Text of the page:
THEME: Antimicrobial Resistance - from Awareness to Action
JVMA President's Message
As we celebrate World Veterinary Day 2017, the Jamaica Veterinary Medical Association joins the world in focusing on Antimicrobial Resistance (AMR), moving from awareness to action. The awareness needed by human and veterinary medical professionals and the general public in the use of antibiotics and other antimicrobials to prevent further development of resistant bacteria. The risk of not being able to find an antibiotic to treat animals and humans has brought the concept of One Health again to the fore. The World Organisation for Animal Health (OIE) and the World Health Organisation (WHO) for humans have had no choice but to form a holistic and multisectoral approach to combat this growing threat.
Resistant bacteria which arise in animals, humans and the environment don’t recognise geographic or animal/human borders and can spread quickly worldwide due to global travel. So, in moving forward to combat this threat, we need to ensure that antibiotics are used prudently and responsibly. Ongoing education is also needed not only for medical professionals but for the general public to ensure that antimicrobial agents continue to be effective and useful to treat and prevent diseases in animals and humans.
Moving from awareness to action is always a challenge when multi-disciplinary groups come together to work for a common goal. Fortunately, thus far we have all been working harmoniously to achieve the common goal of developing a National Plan of action.
In closing I would like to thank all the members of the JVMA and stakeholders for their continued support of the Association and my Presidency as it comes to a close.
Dr. Kevin Walker
President, JVMA April 29, 2017
MESSAGE FROM THE HON. KARL SAMUDA, MINISTER OF INDUSTRY,COMMERCE, AGRICULTURE & FISHERIES. CLICK IMAGE TO VIEW.
MESSAGE FROM CHIEF VETERINARY OFFICER DR. OSBIL WATSON. CLICK IMAGE TO VIEW.
WORLD VETERINARY ASSOCIATION PRESIDENT DR. RENEE CARLSON. CLICK THE ABOVE PHOTO FOR AN EXTRACT FROM THE WVA POLICY ON AMR.
ARTICLES - Please click on each author's name to read the article in PDF format
By Dr. Robert Thomas
The use and abuse of drugs designed to kill harmful microorganisms has contributed to the development of antimicrobial resistance (AMR) so that the drugs are no longer effective in killing these microorganisms.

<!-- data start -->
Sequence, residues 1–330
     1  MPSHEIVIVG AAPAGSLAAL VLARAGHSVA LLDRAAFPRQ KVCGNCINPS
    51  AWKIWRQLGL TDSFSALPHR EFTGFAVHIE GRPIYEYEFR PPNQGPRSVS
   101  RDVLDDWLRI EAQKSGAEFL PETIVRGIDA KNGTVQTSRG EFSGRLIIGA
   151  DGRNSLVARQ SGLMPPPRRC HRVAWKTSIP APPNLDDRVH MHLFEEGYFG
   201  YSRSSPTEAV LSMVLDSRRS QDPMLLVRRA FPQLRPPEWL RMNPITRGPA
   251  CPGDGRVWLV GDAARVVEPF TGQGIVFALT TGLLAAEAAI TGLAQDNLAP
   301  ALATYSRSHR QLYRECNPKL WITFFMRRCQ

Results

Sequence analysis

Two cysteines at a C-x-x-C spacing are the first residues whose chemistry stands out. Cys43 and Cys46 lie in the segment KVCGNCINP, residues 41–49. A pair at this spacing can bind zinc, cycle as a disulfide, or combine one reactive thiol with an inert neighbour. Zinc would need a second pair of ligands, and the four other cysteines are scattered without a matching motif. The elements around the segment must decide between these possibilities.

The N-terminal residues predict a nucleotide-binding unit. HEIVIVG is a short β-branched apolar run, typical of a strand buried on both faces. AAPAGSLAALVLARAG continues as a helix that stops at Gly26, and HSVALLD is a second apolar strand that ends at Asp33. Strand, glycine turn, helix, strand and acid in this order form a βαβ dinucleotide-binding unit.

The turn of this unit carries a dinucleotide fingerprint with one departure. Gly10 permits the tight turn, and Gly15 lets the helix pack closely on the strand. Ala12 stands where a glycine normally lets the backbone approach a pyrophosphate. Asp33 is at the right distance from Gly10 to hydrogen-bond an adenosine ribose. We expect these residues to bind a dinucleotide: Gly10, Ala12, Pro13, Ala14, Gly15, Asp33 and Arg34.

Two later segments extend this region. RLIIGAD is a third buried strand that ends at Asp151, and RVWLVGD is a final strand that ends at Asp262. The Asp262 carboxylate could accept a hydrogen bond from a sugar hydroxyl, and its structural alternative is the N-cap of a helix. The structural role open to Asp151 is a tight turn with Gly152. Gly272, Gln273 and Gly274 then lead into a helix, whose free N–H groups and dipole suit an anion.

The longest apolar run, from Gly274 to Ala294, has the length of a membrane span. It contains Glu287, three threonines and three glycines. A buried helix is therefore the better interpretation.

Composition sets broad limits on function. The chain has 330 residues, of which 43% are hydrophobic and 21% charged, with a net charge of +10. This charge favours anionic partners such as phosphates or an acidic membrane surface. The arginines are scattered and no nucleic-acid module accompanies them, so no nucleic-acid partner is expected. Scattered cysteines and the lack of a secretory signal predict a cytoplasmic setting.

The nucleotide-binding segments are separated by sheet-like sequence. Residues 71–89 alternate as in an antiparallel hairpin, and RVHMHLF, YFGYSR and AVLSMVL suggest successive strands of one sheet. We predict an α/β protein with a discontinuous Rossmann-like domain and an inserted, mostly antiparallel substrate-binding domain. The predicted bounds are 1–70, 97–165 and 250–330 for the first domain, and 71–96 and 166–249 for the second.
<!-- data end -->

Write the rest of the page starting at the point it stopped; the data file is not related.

Microbes achieve this through three main ways: firstly by producing enzymes that destroy the drug; secondly, by preventing the drug from getting inside their structure by changing the shape of drug attachment sites (drug receptors) which are particular protein configurations on their cell wall to which the drug can attach; and finally by changing the permeability of their cell membrane thus keep out the drug.
Careless use of drugs such as antibiotics has contributed to more microorganisms capable of defending themselves against administered antibiotics that previously killed or inhibited them. So called ‘SUPERBUGS’ are now reality for which there are either no, or very few pharmaceuticals capable of killing them.
Examples of such suberbugs include Methicillin-resistant Staphylococcus aureus (MRSA), Extended Spectrum Beta-Lactamase (ESBL) Escherichia coli and Klebsiella sp., and resistant Mycobacterium tuberculosis (the organism causing Tuberculosis) which is resistant to the drugs rifampicin and isoniazid.
JAMAICA SOCIETY FOR THE PREVENTION OF CRUELTY TO ANIMALS
DENBIGH VETERINARY CLINIC
BRYAN'S VETERINARY CLINIC
Blessings for Pets Church Service at Christ Church, Vineyard Town, Sunday, May 7, 2017
CLICK ON ANY OF THE IMAGES IN THIS BLOCK TO VIEW MORE PHOTOS IN OUR PHOTO GALLERY
"DOGGIE DAY" at HI-PRO - April 29, 2017
Hi-Pro Farm Supplies organized another "Doggie Day" event for World Veterinary Day. Veterinarians, support staff, groomers and trainers were on hand to give TLC to our canine friends! Many thanks to Hi-Pro for the support for World Veterinary Day!
Dr. Renee Robinson
L-R Drs Lenworth McCalla, Oshane McHugh & Kirk Michael Harris
Dr. Kirk Michael Harris
Trainer Anthon Lyew (right) gives tips for dealing with behaviour issues